Get Fit As You Get Older

Dara Torres, Jamie Moyer, and Chris Chelios proved you can compete and win at any age.

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Twenty-three-year-old Michael Phelps might have won eight gold medals at the Beijing Olympics and earned Sports Illustrated's 2008 Sportsman of the Year cover, but his fellow American swimmer Dara Torres, age 41, left that same pool with nearly as much fame plus three silver medals. When the Philadelphia Phillies won their first championship in 28 years in the fall, it was in large part because of the performance of their pitching ace, 46-year-old Jamie Moyer, who won 16 games during the regular season. Another 46-year-old, Chris Chelios, won the Stanley Cup with the Detroit Red Wings in 2008.

While you're probably not ready to compete at their levels, you can use their examples as inspiration. Just because you're getting older doesn't mean you have to give up on the sports and fitness activities that you enjoy. With a few modest adjustments to account for your overall physical health and the inevitable changes of aging, you can continue to play sports for many years longer than traditionally has been expected.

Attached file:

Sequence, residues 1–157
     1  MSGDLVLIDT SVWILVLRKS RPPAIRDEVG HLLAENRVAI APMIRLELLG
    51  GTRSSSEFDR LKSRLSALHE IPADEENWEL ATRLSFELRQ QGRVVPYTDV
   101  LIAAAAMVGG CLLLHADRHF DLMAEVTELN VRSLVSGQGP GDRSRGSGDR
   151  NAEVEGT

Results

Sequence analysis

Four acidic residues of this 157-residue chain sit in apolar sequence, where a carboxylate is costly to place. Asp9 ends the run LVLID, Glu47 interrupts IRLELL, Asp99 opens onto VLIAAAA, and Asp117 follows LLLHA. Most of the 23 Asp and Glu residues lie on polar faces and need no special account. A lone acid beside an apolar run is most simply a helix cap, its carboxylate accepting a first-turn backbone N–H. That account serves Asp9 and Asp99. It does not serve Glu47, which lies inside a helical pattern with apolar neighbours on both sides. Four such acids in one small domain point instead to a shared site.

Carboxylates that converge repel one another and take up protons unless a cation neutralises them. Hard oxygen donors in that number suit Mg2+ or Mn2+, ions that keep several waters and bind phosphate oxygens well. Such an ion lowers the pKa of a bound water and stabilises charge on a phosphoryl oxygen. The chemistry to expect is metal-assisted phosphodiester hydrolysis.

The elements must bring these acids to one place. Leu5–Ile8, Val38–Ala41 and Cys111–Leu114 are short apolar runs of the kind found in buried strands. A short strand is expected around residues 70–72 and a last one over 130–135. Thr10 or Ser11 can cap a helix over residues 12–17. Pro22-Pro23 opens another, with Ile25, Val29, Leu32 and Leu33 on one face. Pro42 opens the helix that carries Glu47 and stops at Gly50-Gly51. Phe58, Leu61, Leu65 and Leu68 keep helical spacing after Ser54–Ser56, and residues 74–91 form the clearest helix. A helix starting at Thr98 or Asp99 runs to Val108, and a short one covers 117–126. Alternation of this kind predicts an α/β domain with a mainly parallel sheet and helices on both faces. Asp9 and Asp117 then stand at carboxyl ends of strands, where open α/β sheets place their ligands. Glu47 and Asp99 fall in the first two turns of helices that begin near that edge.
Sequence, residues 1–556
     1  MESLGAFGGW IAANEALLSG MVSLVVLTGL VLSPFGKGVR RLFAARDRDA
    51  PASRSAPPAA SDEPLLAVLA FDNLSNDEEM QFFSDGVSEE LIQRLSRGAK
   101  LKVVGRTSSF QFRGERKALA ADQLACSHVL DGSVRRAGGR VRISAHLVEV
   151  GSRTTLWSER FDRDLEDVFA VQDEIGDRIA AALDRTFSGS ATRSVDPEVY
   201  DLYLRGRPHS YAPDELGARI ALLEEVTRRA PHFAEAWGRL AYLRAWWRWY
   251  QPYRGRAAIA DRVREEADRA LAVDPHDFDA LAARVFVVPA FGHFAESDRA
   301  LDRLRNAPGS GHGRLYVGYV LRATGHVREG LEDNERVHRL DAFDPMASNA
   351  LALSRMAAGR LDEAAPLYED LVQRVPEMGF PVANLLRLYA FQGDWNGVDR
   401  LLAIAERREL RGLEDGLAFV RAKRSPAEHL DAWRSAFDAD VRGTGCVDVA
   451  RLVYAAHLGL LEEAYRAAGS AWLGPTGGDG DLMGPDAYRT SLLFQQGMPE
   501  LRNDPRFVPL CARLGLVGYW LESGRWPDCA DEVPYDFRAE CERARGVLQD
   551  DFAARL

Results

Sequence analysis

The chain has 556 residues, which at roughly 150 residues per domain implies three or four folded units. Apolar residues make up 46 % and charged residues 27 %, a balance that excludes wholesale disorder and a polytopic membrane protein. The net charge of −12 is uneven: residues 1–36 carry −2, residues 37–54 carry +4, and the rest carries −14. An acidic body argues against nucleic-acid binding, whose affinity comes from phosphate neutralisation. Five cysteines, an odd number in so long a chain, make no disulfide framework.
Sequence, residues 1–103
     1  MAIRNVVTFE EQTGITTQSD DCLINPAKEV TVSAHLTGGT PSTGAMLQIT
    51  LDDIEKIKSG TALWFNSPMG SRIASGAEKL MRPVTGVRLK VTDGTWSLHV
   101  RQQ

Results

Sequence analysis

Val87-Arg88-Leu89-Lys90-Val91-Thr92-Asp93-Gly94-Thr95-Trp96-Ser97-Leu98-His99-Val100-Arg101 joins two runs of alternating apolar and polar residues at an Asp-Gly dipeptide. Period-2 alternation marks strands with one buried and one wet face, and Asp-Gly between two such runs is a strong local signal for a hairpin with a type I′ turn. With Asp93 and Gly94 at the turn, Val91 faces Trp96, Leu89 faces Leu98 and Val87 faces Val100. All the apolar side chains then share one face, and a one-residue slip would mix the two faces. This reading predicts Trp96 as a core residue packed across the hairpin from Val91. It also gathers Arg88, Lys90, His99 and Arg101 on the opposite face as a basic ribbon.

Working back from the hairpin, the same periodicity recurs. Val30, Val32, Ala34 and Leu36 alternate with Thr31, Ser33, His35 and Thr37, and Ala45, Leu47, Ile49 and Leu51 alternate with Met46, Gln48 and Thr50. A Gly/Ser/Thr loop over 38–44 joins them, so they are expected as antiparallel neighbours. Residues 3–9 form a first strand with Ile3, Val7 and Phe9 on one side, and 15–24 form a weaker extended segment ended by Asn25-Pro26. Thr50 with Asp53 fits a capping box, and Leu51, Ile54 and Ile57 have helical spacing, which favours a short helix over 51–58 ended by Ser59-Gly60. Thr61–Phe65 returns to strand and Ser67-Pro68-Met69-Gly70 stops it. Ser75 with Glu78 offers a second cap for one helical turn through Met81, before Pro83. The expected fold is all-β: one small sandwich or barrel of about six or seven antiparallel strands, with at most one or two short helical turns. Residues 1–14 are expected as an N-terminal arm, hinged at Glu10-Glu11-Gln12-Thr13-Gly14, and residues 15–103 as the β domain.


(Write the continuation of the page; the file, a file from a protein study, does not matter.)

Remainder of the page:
As is the case at any age, you should seek the advice of your doctor before initiating any major changes in your fitness routine. Also, be aware of some the basics of aging: Most people start to lose muscle mass in their 30s, bone mass in their 40s, and tendons and ligaments get less flexible over time. An approachable way to adjust for these aspects of growing older is to change the rigor of the activities you already enjoy. For example, instead of playing singles tennis, try moving into doubles, suggests William Raasch, a doctor and director of the Division of Sports Medicine at the Medical College of Wisconsin. Decreasing the amount of repetitive impact (i.e., running and jumping) should also reduce the number of aches and pains you feel the day after.

The other advice experts offer is to maintain a routine that balances equal parts of strength training, stretching and flexing, and cardiovascular exercise. The first two condition your body in ways that can reduce the chances of injury when you compete. And the cardio exercise fights heart disease, for which your risks increase as you grow older.

"You don't have to put an age limit on your dreams," Torres said of her Olympian achievement. With a little inspiration, training, and competitive grit, you might find some trophies in your future rather than your past.